In a longer paper from which this essay is taken, Kotkin and colleague Marshall Toplansky write
The one percent—who pay roughly half of the state’s income taxes—won’t always have such great years, and with the middle and working class in decline, it’s hard to see where the money will come from to support the burgeoning welfare state.
Larry Summers talks with John Cochrane, Niall Ferguson, and H.R. McMaster. A lot of the conversation concerns the economy, particularly issues related to the real interest rate. Around minute 53, Larry gives his views on higher education. He suggests that if our current higher ed system is upended, the challenger will use information technology to reconfigure the university.
Summers says that we used to think that self-esteem came from achievement, and now we act as if achievement comes from self-esteem. He points out that if you like capitalism, you have many choices. But if you hate capitalism, you have a narrower range of choices, which includes becoming a professor or university administrator. So universities will have a disproportionate share of haters of capitalist. I would point out that this selection affect is likely to be strong in the non-profit sector in general. So we should not want a big non-profit sector!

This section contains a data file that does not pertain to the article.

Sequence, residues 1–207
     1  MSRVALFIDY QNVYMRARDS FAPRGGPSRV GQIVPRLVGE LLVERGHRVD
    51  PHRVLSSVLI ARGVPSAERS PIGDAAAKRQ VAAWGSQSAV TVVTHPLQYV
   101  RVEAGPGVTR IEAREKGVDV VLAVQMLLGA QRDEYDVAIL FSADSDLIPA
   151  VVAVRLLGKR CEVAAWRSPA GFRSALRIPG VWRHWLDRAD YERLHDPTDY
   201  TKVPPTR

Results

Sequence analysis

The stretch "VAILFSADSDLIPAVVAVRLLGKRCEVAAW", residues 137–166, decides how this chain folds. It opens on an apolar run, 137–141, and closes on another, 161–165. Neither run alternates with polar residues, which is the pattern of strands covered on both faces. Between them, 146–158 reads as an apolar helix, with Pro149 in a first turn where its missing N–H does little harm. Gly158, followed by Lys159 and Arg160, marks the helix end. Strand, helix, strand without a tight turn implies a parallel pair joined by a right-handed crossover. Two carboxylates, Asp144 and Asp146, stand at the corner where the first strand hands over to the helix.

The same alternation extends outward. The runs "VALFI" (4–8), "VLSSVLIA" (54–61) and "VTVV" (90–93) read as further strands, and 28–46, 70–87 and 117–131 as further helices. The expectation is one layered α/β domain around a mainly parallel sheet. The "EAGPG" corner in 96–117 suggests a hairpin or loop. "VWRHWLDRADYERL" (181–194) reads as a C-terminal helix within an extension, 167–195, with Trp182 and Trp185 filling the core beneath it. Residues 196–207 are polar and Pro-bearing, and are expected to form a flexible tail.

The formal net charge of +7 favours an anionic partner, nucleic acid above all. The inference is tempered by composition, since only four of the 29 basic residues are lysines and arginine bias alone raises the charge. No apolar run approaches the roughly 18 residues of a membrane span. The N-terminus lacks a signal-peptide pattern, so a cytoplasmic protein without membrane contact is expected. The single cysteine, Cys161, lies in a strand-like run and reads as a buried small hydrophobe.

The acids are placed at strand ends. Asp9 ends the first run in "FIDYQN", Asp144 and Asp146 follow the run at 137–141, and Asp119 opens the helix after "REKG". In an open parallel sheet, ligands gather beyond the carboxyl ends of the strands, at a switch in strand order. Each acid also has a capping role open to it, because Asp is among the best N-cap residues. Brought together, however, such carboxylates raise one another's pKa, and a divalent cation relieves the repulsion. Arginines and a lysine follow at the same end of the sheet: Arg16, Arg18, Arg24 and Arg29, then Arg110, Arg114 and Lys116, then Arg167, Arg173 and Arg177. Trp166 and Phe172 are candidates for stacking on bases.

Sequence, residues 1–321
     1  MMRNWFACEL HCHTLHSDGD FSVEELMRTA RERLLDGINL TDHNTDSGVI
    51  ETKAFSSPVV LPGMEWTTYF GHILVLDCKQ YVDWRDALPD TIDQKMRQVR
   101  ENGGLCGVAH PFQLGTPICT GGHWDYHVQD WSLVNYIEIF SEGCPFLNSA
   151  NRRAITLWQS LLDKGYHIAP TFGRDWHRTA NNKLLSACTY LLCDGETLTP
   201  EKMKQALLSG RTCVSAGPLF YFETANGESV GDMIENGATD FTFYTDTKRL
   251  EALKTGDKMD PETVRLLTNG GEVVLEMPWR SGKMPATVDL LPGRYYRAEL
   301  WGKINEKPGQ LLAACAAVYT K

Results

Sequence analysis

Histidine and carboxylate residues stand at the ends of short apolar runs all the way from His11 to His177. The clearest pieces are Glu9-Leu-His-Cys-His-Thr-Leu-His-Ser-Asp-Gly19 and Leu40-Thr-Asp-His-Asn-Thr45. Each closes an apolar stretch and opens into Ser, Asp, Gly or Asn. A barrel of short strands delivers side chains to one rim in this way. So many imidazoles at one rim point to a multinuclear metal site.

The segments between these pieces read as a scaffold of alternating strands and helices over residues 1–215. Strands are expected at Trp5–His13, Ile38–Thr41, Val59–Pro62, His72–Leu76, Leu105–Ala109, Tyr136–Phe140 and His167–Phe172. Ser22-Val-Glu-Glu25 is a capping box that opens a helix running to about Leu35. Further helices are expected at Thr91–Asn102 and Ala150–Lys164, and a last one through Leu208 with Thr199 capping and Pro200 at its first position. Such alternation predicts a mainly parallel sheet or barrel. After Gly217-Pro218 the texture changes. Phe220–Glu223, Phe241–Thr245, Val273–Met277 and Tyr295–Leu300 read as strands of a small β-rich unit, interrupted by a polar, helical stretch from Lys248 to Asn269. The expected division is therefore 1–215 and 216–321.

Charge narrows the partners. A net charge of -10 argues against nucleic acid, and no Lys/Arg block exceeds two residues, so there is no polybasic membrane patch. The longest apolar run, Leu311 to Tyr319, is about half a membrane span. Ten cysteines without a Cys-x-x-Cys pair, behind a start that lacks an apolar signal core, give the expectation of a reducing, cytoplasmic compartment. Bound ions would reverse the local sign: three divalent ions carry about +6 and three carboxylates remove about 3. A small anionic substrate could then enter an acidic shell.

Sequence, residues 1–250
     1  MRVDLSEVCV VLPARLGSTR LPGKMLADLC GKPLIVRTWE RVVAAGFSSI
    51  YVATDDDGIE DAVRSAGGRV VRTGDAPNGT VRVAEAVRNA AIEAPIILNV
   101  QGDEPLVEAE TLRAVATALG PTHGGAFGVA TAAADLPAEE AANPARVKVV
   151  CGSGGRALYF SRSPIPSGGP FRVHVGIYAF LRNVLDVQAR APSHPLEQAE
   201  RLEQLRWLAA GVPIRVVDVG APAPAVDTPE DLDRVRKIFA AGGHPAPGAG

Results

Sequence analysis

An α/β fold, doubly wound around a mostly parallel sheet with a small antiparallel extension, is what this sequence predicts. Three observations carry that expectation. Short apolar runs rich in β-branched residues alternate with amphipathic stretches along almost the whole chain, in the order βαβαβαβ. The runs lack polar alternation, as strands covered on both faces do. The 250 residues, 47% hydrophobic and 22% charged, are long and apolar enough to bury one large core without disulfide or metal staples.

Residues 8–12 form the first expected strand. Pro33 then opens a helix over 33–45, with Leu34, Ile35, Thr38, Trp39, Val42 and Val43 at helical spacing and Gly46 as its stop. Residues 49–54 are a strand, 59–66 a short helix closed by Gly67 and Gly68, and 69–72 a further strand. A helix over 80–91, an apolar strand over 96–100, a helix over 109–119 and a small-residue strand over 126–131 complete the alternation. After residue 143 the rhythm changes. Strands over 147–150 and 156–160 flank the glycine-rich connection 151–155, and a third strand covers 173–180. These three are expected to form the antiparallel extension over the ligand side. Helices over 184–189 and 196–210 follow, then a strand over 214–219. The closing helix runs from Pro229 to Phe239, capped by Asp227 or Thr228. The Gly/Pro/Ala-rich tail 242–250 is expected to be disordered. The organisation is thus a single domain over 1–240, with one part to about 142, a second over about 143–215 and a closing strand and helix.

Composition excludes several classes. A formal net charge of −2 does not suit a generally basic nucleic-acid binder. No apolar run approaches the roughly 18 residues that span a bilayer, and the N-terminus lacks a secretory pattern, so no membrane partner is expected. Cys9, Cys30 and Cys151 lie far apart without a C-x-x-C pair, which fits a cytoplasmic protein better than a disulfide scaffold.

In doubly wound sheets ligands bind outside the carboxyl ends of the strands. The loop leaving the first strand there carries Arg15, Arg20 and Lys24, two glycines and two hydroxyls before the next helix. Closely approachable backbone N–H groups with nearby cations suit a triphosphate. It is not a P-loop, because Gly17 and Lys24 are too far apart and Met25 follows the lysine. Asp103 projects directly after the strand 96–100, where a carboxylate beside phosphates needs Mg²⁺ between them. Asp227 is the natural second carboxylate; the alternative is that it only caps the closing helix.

Matt Taibbi organized a substack for Russian dissidents. Alexander Batov writes,
This war is unjust and criminal on both sides. It’s a fight between two inhumane regimes. The declared goal of the war on the part of the Russian Federation is all lies and hypocrisy.
For several years, the Russian authorities looked indifferently at the daily deaths of people in Donbass. Moreover, the Minsk agreements imposed by Moscow only tied the Donbass by their hands and feet. This was a problem that could not be solved. Residents of Donbass all these years were and remain a bargaining chip in the hands of the Russian and Ukrainian capitals.
I'd like Lind or someone similar to define whether it's really non-profits that are driving the trends. Or something else. My hypothetical model is that what's really going on is an excess supply of intellectuals.
1. The explosion of subsidized higher education has created a much bigger pool of "intellectuals".
2. Buyers of intellectuals, which include NGOs but also includes subsidized higher education itself, in turn, get much more control over intellectual production. In NGO production, this works out as Lind says. In higher ed, producers basically get to buy piecemeal labor for adjuncts and grad students.
3. In both cases, the labor pool is almost perfectly competitive, so there's an extreme tournament effect. An intellectual laborer who doesn't do exactly what the boss wants is almost immediately replaceable. So attempts to "stand out" will tend to be on the more extreme side of the distribution.
The upshot of all of this is that the only way to "go back" in the long-run is to stop flooding the market with subsidized intellectuals. When the supply is such that they can't be treated like commodities anymore, they'll have more freedom to diverge in opinion.
“Donations to non-profits that promote causes ought to be taxed double.” People are now looking at me, wondering why I’m laughing in public like some crazy person.